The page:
MTHS hosts art show virtually, citing COVID restrictions


Art piece by Sarah Fieman, senior.

Scotty Reynolds

The art shows have been a significant fixture of the high school for years. An event filled with beautiful pieces admired by students and families milling about, it is evidently difficult to hold a similar event this spring. Nevertheless, the art department of MTHS has been working tirelessly to develop an exquisite show where students can proudly display their art.

The first art show this fall took place virtually, and with a worsening COVID-19 situation in Lancaster, the MTHS art department has committed to having the second art show in May virtually as well. The first show went so well that the second show is planning to follow a similar format.

Although a difficult event to plan, Matthew Jones, one of two art teachers at MTHS, explained the advantage of deciding the show’s format at this early of a point in time. “Planning out the show virtually this far in advance will hopefully allow us to create a more interactive and polished virtual show,” Jones said.

Jones also says that the usual K-12 art show at the high school will most likely not be able to occur in 2021, which is certainly unfortunate. 

Sarah Fieman, a senior artist at MTHS describes a sentiment shared by the majority of the students within the art department. “We’re all really hoping for an in-person show but we understand why a virtual one might have to take place,” says Fieman. 

It has been difficult to present students’ art pieces in the school hallways because touching multiple pieces and the equipment needed to display them would be dangerous. Employing students to display art in the hallways would most likely break safety guidelines. Jones says that the inability to have students personally display their artwork in the hallway has also been a very different part of this year within the art department, as “students cannot help in the process of displaying hanging artwork.”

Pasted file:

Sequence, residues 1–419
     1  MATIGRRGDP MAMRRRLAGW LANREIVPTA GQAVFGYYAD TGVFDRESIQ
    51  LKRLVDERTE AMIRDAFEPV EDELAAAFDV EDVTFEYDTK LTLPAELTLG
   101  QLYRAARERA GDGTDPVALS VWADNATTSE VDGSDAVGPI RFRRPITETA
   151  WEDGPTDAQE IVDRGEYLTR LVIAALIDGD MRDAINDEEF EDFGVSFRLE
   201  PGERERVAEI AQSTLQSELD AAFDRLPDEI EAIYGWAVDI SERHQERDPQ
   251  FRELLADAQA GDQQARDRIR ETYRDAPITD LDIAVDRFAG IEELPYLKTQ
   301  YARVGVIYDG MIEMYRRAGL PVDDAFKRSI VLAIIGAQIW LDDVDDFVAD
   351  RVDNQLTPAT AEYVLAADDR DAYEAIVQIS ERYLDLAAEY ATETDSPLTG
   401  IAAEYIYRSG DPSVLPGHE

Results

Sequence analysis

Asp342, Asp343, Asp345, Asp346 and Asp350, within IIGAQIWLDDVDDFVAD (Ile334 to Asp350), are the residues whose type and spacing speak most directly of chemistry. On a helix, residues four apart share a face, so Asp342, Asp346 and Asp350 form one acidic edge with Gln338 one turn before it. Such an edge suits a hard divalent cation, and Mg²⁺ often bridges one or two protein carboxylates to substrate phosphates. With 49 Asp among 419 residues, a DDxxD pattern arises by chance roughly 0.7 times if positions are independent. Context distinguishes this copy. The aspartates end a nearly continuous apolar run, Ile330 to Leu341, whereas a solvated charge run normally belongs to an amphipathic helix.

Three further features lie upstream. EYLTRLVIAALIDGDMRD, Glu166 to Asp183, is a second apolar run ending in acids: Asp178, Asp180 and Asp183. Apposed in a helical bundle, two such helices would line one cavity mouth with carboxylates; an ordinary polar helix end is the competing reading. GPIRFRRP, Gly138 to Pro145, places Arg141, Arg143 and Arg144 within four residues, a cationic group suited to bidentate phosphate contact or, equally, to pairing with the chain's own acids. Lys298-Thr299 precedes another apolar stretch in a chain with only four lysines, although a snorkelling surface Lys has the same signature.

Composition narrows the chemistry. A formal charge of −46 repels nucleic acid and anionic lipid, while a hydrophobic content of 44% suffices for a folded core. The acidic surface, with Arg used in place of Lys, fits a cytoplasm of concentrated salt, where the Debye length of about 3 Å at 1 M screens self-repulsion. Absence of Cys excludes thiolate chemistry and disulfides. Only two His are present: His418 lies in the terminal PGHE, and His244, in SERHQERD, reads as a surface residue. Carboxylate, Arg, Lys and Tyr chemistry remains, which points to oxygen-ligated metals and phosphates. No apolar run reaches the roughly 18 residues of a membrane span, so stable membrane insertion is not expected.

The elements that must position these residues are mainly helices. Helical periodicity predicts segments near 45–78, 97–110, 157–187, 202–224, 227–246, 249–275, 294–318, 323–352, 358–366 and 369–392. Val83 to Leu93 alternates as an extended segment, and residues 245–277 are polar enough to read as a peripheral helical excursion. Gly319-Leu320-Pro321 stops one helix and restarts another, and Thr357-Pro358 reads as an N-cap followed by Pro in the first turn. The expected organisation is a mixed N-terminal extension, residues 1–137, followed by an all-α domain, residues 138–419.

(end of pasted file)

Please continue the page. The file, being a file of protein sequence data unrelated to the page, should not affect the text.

Despite its irregularities, there are a few benefits to having a virtual show, especially for the Lancaster County Young Artist show. Jones says that although they are planning on holding an in-person March show, they are prepared to move to a virtual format, if necessary. If the latter must take place, this virtual format presents certain logistical amenities not available with an in-person show. “One nice change about that [virtual] show is we have to submit student artwork by uploading a digital file instead of carrying all the artwork to the Lancaster Museum of Art,” Jones says. 

The MTHS May art show and LCYA art showcase will both certainly look vastly different than the usual display. Yet, the fact that both of these notable artistic opportunities are still able to take place is a feat in and of itself. The beautiful artwork which would usually line the walls of the Lancaster Museum of Art can be seen digitally if a virtual LCYA show occurs. 

Those featured in this LCYA show would have the ability to take photographs of their pieces and present them in a way which the artist intended. The art shows will also be executed cleanly, as ensured by the art department who has plenty of time to polish the virtual show. Although COVID-19 has changed the way in which art can be displayed, it has not changed the way in which the audience can see and interpret the beautiful pieces created by the MTHS student body.